• Carnivorous animals such as lions and bears
  • Birds of prey such as eagles and vultures
  • Pests such as rats and scorpions
  • Ants, bees, and woodpeckers
  • Animals which are considered repulsive like lice, flies, and maggots
  • Animals that live both on land and in water such as frogs and crocodiles
  • Mules and donkeys
  • Poisonous and hazardous aquatic animals

Other prohibited items include:

  • Blood
  • Alcohol
  • Intoxicating beverages or plants if the toxin or hazard can’t be removed

Aside from prohibiting certain animals from consumption, Halal rules also specify how an animal must be slaughtered:

  • The slaughterer should be a sane Muslim adult
  • The animal must be alive
  • The phrase “Bismillah” (In the name of God) should be recited before slaughter
  • The animal must be killed by a single continuous motion of a sharp knife to the throat
  • The trachea, oesophagus and main arteries and veins of the neck should be severed
  • The spinal cord must not be cut
  • Animals must be well-treated
  • Animals must not see other animals being slaughtered
  • The knife must not be sharpened in the animal’s presence
  • The animal must not be in an uncomfortable position
  • The animal must be allowed to bleed out completely before further processing

What if you aren’t sure whether a given food is Halal or Haram? Especially if it contains preservatives, artificial ingredients, or fillers, it can take some digging to find out where these ingredients come from. Unless a company specifies, you might not know for sure. It would be considered Mushbooh, which means suspected or doubtful. If the Halal or Haram status of a food is unknown, a practicing Muslim abstains from consuming it.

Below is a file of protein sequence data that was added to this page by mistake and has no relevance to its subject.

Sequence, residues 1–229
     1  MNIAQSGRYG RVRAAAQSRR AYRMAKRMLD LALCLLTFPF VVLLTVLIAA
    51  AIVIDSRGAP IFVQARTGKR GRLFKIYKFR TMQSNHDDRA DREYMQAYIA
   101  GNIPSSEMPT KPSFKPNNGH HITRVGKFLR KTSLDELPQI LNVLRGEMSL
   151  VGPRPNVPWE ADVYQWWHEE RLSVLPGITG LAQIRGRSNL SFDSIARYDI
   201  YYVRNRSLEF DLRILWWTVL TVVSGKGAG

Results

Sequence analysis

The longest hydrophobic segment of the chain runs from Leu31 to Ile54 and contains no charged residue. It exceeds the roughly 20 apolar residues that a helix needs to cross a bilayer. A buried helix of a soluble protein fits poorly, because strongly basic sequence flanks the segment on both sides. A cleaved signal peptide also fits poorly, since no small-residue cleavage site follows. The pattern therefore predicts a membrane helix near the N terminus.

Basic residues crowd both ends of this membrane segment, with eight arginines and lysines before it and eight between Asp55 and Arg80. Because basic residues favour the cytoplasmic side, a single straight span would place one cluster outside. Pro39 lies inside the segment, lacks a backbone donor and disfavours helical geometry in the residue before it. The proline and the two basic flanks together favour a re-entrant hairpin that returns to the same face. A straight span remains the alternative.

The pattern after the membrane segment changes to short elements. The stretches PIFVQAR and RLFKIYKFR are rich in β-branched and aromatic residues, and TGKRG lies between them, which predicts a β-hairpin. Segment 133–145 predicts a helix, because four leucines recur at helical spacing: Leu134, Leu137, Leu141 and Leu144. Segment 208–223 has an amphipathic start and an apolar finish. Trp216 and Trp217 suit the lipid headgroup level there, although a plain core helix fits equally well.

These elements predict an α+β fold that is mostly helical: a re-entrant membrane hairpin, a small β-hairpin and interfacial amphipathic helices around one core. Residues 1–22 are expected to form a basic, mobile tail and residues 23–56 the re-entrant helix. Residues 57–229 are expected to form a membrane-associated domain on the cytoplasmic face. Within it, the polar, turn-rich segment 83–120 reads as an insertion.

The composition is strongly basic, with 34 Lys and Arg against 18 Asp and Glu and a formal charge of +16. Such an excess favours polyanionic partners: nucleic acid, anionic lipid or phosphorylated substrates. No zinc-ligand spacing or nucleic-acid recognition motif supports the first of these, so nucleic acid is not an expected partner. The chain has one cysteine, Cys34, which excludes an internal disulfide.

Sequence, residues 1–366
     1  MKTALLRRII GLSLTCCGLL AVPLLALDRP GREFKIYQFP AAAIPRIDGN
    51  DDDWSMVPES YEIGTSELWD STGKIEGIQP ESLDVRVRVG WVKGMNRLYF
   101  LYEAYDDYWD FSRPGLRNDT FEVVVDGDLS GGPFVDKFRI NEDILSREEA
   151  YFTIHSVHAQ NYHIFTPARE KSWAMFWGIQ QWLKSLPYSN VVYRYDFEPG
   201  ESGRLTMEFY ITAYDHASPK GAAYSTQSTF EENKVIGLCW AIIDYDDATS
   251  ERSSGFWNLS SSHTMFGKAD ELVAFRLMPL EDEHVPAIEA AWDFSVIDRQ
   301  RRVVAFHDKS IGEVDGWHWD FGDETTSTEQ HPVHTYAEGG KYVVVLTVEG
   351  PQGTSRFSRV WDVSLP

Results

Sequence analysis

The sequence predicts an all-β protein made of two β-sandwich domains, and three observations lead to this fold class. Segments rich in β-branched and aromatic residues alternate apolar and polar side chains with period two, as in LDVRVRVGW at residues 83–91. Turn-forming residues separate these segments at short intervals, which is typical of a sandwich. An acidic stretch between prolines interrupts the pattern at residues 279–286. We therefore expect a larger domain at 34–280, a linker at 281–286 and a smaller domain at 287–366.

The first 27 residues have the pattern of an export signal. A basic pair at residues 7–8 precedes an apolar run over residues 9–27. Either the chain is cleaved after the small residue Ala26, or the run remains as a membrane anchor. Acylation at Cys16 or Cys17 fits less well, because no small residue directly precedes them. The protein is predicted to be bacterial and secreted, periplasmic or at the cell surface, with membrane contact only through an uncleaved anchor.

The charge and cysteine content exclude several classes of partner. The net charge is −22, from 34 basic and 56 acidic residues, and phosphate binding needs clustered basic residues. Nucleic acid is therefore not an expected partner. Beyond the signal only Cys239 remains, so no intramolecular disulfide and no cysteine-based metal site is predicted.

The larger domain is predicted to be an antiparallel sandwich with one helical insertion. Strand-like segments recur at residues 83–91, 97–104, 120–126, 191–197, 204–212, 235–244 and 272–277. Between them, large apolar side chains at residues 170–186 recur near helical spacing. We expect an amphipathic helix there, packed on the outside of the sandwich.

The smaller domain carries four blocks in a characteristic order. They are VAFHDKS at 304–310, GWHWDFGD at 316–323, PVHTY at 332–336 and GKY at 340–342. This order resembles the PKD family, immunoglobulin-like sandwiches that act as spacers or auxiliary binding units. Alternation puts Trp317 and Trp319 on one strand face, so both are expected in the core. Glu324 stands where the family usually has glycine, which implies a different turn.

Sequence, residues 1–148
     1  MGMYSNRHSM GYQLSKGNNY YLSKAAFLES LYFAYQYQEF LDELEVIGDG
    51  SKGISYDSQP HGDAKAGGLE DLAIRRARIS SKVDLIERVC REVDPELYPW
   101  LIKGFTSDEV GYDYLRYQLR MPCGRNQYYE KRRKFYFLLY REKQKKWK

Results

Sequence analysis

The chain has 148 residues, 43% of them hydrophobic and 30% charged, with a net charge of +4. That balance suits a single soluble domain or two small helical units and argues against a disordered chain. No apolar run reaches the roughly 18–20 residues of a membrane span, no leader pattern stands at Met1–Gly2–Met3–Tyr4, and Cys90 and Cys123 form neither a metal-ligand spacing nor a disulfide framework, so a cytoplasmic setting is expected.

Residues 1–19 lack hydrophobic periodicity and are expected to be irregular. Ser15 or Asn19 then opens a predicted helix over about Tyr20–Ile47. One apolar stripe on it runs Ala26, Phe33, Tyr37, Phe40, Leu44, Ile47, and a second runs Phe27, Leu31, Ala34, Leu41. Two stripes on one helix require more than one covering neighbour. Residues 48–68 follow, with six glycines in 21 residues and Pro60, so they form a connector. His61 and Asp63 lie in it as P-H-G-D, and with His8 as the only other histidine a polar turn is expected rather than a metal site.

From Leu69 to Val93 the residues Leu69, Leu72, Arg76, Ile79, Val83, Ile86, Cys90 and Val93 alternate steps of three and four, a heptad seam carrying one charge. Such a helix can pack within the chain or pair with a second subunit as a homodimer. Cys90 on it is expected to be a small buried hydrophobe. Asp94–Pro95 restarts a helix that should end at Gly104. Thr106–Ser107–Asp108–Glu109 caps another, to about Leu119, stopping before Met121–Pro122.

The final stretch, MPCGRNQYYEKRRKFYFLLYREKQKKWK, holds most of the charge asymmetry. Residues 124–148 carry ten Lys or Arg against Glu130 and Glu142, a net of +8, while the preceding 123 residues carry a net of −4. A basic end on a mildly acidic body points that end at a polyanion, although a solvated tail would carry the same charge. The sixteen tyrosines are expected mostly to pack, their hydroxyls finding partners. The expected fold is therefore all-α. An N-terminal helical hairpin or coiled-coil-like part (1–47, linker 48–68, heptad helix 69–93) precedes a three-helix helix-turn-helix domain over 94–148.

Remember that label reading I mentioned earlier in the post? It was followed-up with phone calls asking companies the source of things like gelatin and diglycerides. At the time, most companies wouldn’t readily give an answer. However, because American consumers are becoming more health conscious and dietary restrictions are becoming more of the norm, it is easier to find out. If you are Muslim and looking for Halal food, don’t hesitate to ask your favorite companies if their products fall under the guidelines, or better yet, for certification.

If you are familiar with Kosher guidelines, you’ll notice that many of these are similar. In some instances, Kosher rules are more strict than Halal rules, and many Muslims will eat Kosher meat or food when Halal is not available. This is considered acceptable, because Muslims are allowed to eat food from “People of the Book” or those of other monotheistic faiths. This allows Muslims to live and coexist peacefully with others around the world.

I hope this helps you understand the world of Halal food a little bit more. If you have any Halal favorites, let me know in the comments below!

Disclaimer: This post is not sponsored or endorsed by anyone listed or linked to above. All opinions are my own.

Image by: Shivam Garg